A British consortium formed by a group of aerospace, automotive and engineering firms to build ventilators for the country’s health service said on Sunday it would end after delivering over 13,000 devices.
VentilatorChallengeUK said its production had more than doubled the stock of ventilators available for use in the National Health Service.
The consortium, which was formed on a not-for-profit basis by the likes of Ford, McLaren, Rolls-Royce and Airbus , said in May it was ramping up production in case of a second peak in infections.
But Dick Elsy, Chairman of VentilatorChallengeUK, said the NHS was now well-placed for the future.
“We have helped ensure the NHS has always had access to the number of ventilators it needs, and we’re pleased to have also contributed to building a resilient stock should ventilators be required in the U.K. in the future,” he said.
Britain sought to “protect the NHS” during its coronavirus lockdown by working to flatten the curve of infections so the health service was not overwhelmed.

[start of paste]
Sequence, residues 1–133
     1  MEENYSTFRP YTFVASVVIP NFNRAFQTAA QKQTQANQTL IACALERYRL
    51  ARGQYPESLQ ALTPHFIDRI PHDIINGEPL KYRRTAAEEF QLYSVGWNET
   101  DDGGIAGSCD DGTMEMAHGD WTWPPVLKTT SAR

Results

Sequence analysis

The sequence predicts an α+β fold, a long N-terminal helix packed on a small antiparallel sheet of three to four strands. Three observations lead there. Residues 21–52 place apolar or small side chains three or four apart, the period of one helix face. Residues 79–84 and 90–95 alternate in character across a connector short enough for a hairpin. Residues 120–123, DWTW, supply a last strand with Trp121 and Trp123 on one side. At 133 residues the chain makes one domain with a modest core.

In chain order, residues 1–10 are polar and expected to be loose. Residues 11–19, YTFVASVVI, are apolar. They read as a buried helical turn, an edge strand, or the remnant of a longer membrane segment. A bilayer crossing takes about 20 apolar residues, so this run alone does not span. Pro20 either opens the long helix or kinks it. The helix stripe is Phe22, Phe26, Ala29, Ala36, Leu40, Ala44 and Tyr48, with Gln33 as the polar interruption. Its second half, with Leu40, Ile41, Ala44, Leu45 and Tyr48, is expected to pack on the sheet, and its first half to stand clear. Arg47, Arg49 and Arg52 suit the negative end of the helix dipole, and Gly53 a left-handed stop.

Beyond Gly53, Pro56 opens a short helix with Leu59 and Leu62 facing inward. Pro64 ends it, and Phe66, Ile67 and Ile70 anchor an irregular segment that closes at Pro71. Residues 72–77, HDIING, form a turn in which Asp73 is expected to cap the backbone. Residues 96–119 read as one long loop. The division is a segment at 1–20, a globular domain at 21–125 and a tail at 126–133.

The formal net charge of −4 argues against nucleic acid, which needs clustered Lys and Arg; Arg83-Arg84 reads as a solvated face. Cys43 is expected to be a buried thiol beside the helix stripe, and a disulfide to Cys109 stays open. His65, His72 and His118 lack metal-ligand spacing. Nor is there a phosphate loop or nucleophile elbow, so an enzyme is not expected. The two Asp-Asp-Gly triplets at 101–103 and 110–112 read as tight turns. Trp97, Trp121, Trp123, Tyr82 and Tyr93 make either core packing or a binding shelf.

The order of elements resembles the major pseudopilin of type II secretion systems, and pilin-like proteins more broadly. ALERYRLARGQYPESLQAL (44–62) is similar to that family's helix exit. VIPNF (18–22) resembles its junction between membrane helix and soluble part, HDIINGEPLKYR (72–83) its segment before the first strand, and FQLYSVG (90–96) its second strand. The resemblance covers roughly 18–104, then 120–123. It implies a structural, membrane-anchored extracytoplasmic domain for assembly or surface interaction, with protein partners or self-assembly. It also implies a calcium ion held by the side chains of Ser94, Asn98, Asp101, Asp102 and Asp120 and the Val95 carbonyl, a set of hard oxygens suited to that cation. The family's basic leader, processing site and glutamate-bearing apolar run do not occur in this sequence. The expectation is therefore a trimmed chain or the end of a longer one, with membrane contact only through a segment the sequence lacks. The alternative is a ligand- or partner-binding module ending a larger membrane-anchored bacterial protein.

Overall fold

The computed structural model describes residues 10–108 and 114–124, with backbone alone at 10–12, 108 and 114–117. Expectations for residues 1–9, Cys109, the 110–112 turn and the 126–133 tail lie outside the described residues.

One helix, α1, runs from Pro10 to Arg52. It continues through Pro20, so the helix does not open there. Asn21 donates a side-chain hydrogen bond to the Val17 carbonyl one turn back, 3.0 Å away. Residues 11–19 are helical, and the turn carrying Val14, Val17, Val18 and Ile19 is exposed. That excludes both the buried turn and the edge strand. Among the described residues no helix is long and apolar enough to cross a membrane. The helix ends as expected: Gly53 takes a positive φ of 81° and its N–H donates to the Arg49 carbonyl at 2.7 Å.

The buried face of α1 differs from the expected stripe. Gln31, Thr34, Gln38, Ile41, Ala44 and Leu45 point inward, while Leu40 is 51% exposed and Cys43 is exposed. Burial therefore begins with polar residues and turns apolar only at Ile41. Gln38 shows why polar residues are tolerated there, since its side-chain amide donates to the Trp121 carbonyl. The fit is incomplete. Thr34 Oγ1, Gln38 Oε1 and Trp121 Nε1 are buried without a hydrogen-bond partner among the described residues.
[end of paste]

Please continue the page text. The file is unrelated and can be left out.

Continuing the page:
The availability of ventilators in the NHS had been a hot political topic as the epidemic started, but the demand for the machines never got close to the 30,000 figures initially estimated as being required.
The government has said that everyone who needed a ventilator during the pandemic has had access to one.
“The Ventilator Challenge has been a great success,” Cabinet Office Minister Michael Gove said.
“I would like to thank every manufacturer and designer, and their incredible workforces, for the huge part they’ve played in the national effort to protect our NHS and save lives.”
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